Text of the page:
Battling Squash Bugs
If you do one thing to help out your garden this year, check for squash bugs. Last year, during the July Fourth weekend, my formerly beautiful and lush winter squash plants suddenly wilted and died back. What was once a plot full of squash vines was instead nearly empty. The plants lost about 2/3 of their size and looked terrible.
At first I thought my plants had powdery mildew. We’d had that the previous year and it also caused wilting and dying back, so I treated for it. When that didn’t have any effect I started looking at the plants a little closer. I quickly found that they were covered with small dark insects. A little research told me that these were squash bugs. With a lot of hard work the plants did come back, but my yield was about half what it should have been.
This year I have vowed to stay one step ahead of those little monsters. I visit the squash patch at least every other day and carefully turn up each and every squash leaf that I can reach and search for eggs.
When I find an egg cluster, I rip the portion of the leaf that it is on and put it in the trash. Not the compost and not anywhere near the garden! I’m not taking any chances. As the plants have grown, this process has gone from taking about 10 minutes to more than 30.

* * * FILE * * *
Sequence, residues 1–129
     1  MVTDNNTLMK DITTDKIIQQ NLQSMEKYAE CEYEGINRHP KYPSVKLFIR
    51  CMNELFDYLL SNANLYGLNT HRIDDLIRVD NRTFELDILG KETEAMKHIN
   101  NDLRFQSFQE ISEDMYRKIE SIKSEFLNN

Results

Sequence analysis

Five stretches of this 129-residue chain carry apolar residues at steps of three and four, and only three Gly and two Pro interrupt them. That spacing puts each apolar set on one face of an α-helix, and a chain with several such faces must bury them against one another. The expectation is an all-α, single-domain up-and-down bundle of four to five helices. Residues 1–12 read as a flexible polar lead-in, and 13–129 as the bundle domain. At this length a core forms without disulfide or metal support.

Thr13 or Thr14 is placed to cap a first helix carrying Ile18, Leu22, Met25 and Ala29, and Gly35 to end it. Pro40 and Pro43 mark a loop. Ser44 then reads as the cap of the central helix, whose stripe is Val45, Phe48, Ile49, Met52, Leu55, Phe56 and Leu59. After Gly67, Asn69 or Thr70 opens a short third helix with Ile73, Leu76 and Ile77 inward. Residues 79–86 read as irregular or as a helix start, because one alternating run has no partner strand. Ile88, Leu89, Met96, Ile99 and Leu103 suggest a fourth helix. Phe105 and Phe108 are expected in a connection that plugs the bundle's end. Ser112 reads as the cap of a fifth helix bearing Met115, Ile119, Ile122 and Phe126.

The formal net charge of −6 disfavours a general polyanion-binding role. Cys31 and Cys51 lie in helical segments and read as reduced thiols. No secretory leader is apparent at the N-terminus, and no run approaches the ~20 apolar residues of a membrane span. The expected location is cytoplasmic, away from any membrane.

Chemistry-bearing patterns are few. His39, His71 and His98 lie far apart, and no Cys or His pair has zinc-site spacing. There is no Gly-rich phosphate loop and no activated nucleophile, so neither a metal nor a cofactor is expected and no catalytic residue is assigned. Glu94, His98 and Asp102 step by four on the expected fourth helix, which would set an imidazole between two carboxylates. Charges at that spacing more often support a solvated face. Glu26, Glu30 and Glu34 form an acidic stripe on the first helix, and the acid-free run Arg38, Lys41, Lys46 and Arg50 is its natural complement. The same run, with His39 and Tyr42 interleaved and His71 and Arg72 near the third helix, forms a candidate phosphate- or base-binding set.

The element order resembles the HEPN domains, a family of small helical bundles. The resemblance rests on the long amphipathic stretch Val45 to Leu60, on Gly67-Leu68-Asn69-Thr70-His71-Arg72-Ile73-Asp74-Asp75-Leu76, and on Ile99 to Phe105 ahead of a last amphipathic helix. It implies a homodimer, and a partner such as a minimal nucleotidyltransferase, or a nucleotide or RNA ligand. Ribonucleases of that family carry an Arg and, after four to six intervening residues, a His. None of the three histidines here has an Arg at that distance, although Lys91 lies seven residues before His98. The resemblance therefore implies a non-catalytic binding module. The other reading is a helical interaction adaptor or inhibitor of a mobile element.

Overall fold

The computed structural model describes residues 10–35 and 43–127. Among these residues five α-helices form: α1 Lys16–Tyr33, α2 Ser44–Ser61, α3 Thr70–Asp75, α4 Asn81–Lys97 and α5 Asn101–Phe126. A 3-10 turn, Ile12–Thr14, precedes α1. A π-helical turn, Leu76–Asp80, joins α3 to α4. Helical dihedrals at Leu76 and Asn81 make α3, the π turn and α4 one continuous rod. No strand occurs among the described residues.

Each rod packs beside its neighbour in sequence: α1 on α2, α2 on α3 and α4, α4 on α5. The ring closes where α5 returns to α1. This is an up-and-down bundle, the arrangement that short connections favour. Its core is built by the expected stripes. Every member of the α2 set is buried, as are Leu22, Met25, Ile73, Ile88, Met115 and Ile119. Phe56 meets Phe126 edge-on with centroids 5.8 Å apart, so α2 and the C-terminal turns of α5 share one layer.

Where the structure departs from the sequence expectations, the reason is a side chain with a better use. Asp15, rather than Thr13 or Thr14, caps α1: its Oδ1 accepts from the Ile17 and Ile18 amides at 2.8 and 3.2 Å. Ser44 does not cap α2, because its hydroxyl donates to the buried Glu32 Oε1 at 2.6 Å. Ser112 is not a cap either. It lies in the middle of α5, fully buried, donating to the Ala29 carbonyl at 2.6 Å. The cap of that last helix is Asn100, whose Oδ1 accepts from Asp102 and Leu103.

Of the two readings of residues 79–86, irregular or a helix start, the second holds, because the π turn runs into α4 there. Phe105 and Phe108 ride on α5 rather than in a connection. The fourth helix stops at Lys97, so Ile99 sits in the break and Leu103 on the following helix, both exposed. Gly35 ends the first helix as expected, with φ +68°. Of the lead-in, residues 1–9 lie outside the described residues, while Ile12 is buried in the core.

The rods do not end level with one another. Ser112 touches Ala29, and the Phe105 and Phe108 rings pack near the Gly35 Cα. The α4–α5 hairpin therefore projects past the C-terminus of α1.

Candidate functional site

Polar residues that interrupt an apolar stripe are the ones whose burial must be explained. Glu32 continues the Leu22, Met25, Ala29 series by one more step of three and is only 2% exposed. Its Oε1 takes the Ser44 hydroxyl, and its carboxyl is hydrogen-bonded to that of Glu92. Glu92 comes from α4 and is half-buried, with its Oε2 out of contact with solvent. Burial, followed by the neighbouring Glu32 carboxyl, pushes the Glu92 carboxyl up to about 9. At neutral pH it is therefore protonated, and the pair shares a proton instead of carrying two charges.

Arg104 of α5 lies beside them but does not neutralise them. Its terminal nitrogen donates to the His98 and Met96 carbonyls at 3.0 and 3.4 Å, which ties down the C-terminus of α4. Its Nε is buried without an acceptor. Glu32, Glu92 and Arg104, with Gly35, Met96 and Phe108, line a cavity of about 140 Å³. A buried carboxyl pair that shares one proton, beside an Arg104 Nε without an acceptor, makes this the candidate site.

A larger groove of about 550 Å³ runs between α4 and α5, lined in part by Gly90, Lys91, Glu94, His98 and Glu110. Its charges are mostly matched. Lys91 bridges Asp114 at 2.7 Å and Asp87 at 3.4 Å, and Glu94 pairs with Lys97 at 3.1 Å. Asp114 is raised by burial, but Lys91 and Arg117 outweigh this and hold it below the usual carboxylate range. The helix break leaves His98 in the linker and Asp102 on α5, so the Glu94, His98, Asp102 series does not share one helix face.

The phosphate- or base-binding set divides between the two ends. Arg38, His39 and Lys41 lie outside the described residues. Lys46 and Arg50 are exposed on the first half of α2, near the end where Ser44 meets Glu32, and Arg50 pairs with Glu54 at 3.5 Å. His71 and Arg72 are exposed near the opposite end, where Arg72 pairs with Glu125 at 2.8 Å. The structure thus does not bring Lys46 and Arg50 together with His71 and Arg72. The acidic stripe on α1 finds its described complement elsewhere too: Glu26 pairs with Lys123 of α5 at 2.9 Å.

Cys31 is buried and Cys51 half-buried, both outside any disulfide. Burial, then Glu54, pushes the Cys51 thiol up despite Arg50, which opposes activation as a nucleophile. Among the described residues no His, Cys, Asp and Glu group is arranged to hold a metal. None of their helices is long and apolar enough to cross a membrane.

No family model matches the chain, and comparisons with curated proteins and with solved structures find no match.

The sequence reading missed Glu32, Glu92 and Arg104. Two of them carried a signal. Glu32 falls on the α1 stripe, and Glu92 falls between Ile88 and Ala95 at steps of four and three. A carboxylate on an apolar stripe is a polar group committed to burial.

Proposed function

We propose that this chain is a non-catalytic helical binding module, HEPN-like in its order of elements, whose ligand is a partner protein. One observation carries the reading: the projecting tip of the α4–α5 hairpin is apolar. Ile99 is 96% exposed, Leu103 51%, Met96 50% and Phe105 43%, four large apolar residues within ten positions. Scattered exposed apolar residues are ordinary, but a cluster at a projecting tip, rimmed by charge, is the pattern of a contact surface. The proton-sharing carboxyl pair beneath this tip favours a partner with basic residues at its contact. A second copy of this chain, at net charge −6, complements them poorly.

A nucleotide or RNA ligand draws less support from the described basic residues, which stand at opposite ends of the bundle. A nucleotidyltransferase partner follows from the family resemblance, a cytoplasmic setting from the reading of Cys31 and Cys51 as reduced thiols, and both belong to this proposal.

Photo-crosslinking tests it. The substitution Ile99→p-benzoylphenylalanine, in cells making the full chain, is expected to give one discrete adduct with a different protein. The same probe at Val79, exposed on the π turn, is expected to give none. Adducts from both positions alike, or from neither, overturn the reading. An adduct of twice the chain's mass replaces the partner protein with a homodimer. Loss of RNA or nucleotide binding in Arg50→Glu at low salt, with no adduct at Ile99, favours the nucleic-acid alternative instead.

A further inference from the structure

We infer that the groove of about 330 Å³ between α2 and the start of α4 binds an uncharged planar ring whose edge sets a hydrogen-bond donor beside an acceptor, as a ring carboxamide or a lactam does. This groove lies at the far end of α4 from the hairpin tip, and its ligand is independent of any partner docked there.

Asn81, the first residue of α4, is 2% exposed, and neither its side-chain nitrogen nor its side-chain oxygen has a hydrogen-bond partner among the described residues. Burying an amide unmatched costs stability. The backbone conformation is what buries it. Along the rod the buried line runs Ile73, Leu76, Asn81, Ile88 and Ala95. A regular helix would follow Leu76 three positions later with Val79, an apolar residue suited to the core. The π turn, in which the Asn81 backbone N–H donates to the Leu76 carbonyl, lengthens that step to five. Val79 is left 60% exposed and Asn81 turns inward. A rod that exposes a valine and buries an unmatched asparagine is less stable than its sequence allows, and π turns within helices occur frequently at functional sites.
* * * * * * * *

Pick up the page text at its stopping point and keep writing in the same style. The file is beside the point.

It’s all going to be worth it, though. I found at least a dozen egg clusters yesterday. I’ve also killed numerous adults.
Squash bugs are a menace. They will kill your plants and destroy your crop, but using poison on your squash plants to try to control them is not a good idea. Adult squash bugs generally don’t die from poison as they have a hard shell that protects them. Although you can kill nymphs (recently hatched) with insecticide, you are also going to kill bees, because the time when the nymphs are hatching is exactly when the plants are flowering. Your garden and mine need those bees, so please do not use chemical controls on your squash.
Hunting for and removing squash bug eggs may seem like a never-ending chore, but we rely on storing and freezing more than 100 pounds of winter squash and pumpkin every year, so it’s well worth the effort. Go on out to your garden and inspect your plants. Let me know what you find!
Busy Little Bees
Teaching kindergarten children about harvesting honey.
Wintertime and Bees
What happens in a beehive in the winter.
For the Love of Honey and Al
We found a place under the pines where the hives would be out of the 110-degree heat, so we started a free hive recovery service to build up our hives. Beekeeping brought us a number of surprises this year!